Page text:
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  • Minister of Justice, Senator the Hon. Mark Golding, is urging the Opposition to make available, a copy of a letter, confirming that the Privy Council is available to sit in Jamaica.
  • Senator Golding was addressing a press briefing held at the Office of the Prime Minister on Monday (October 26).
  • At Thursday’s (October 22) sitting of the Upper House, Senator Malahoo-Forte, in her contribution to the debate on the Caribbean Court of Justice (CCJ), read into the records of the Senate, a letter, which she claims, confirms the willingness of the Privy Council to sit in Jamaica.

Minister of Justice, Senator the Hon. Mark Golding, is urging the Opposition to make available, a copy of a letter, confirming that the Privy Council is available to sit in Jamaica.

“The Opposition needs to produce this letter, which apparently they have, which is an official letter ,without any further delay, and I think it’s quite proper that Senator Marlene Malahoo-Forte has been suspended from attending the Senate until she does so,” he said.

Senator Golding was addressing a press briefing held at the Office of the Prime Minister on Monday (October 26).

At Thursday’s (October 22) sitting of the Upper House, Senator Malahoo-Forte, in her contribution to the debate on the Caribbean Court of Justice (CCJ), read into the records of the Senate, a letter, which she claims, confirms the willingness of the Privy Council to sit in Jamaica.

The Government, in its argument for the adoption of the CCJ as the country’s final court, said that because it is an itinerant tribunal, moving from one region to the other, this would reduce the cost to Jamaicans and ensure access to justice.

Both the President of the Senate, Senator Floyd Morris and Senator Golding requested a copy of the letter and the President further directed Senator Malahoo-Forte to provide the Senate with a copy.

When the latter was not produced at Friday’s (Oct. 23) sitting of the Chamber, the President, in accordance with the rules of the Standing Orders, proceeded to successfully move a motion for the Senator to be suspended until the document is provided.

Mr. Golding said he is “anxious to see what this letter says,” noting that the suspension will be lifted once the letter is produced.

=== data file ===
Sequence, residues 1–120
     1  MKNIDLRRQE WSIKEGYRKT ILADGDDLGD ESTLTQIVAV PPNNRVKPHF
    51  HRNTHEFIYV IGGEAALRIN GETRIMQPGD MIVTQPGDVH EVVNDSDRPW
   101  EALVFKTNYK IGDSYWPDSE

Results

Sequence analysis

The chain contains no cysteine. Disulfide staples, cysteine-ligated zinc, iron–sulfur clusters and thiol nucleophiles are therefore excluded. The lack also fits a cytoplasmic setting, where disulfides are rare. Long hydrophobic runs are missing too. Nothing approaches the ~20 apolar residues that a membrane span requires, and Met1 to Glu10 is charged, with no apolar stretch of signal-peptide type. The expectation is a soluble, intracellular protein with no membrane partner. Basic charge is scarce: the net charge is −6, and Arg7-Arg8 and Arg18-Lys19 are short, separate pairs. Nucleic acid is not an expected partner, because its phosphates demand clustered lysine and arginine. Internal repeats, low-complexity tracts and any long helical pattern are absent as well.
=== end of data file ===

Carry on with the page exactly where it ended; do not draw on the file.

“From our point of view (the Privy Council) is not an itinerant court; it is not set up to sit outside the United Kingdom (UK). It is true that they have occasionally sat outside of the UK; I believe they have done it in Mauritius and the Bahamas. Those were ad hoc appearances set up to hear particular matters, and not to dispose of the entire list of cases that were before them from the Bahamas and, were indeed, at great expense to the Government and People of the Bahamas,” he noted.

Senator Golding explained that the expenses included the payment of first class tickets to and from the UK for the five judges and their support staff, provision of accommodation, logistical arrangements and the provision of security.

“We don’t feel that those ad hoc arrangements…. constitute proper arrangements for affording access to justice. The CCJ is established to provide access to the people of the region. Its rules contemplate it moving from territory to territory to hear cases,” Senator Golding said.

The Senate, on October 16, started its debate on the three Bills, which seek to make the CCJ Jamaica’s finale appellate court.

The Bills are the Constitution (Amendment) (Caribbean Court of Justice) Act 2015; the Judicature (Appellate Jurisdiction) Act, 2015, and the Caribbean Court of Justice Act, 2015.

They are seeking to delink Jamaica from the Judicial Committee of the United Kingdom (UK) Privy Council, and to become part of the CCJ in its Appellate Jurisdiction.